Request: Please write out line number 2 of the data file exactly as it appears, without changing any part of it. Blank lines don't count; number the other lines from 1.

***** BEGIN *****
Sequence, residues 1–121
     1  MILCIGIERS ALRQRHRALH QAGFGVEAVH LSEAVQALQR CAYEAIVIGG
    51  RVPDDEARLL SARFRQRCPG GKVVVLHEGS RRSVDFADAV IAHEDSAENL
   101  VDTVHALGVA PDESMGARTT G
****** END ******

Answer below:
     1  MILCIGIERS ALRQRHRALH QAGFGVEAVH LSEAVQALQR CAYEAIVIGG